We have all seen the ads: “Take our short survey and receive a $50 gift card!” Offers like this claim to be gathering customer feedback for legitimate businesses; however, many really may be promoting spammy products or be after your personal information. With the holidays practically upon us, scammers know that more people will be spending time online and looking for deals.
This scam works when you receive an email or text message inviting you to complete a customer satisfaction survey. The message says all you need to do is answer a few questions, and you will receive a gift card. The survey seems normal. One scam posing as an Amazon survey, asks where you shop online, how often you visit the website and how much time you spend on the internet each day.
After you complete the survey, the site says you are now entitled to your prize. Unfortunately, the $50 gift card is "out of stock," so you are instructed to choose one of several dubious products, often something like a weight loss kit and wrinkle cream. The survey was just an elaborate hoax to promote these other products.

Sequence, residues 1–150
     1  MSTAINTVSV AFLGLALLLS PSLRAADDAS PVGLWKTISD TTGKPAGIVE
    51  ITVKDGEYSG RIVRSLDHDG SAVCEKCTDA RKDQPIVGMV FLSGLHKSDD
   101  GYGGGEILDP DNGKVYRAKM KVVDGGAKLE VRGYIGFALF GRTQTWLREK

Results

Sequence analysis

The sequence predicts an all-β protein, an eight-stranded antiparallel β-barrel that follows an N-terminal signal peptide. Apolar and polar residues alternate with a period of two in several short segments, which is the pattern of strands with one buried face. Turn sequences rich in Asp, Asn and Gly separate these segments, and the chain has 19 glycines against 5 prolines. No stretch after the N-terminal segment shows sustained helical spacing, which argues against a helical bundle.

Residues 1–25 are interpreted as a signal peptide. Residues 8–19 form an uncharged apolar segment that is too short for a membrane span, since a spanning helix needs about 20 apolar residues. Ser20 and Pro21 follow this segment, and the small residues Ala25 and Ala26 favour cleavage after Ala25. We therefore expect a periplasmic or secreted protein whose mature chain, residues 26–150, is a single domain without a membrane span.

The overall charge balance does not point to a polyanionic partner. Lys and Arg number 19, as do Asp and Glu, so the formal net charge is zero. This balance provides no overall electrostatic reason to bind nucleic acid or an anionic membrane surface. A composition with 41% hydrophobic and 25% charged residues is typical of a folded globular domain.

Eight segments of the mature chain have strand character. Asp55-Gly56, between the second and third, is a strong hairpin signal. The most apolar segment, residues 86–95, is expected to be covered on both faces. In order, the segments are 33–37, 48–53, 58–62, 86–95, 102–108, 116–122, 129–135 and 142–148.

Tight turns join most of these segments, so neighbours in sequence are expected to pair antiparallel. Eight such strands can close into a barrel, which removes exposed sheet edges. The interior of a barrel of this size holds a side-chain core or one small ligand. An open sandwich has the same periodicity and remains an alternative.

In another version of this scam, the customer survey asks for personal information, such as address and credit card number. In this scam, con artists are really after information that can be used for identity theft.
How to spot a customer survey scam:
▪ Don't believe what you see. It's easy to steal the colors, logos and header of an established organization. Scammers can also make links look like they lead to legitimate websites and emails appear to come from a different sender.
▪ When in doubt, do a quick web search. If the survey is a scam, you may find alerts or complaints from other consumers. The organization's real website may also have further information.
▪ Watch out for a reward that's too good to be true. If the survey is real, you may be entered in a drawing to win a gift card or receive a small discount off your next purchase. Few businesses can afford to give away $50 gift cards just for answering a few questions.
Everyone loves a good deal but by taking your time to thoroughly investigate offers that sound too good to be true, you could end up saving yourself tons of time, frustration and money.
For more tips you can trust, visit bbb.org.
Kelvin Collins is president/CEO of the Better Business Bureau of Central Georgia and the CSRA Inc., serving 41 counties in Middle Georgia and the Central Savannah River area. This tips column is provided through the local BBB and the Council of Better Business Bureaus. Questions or complaints about a specific company or charity should be referred directly to the BBB at 478-742-7999, www.bbb.org or by emailing email@example.com.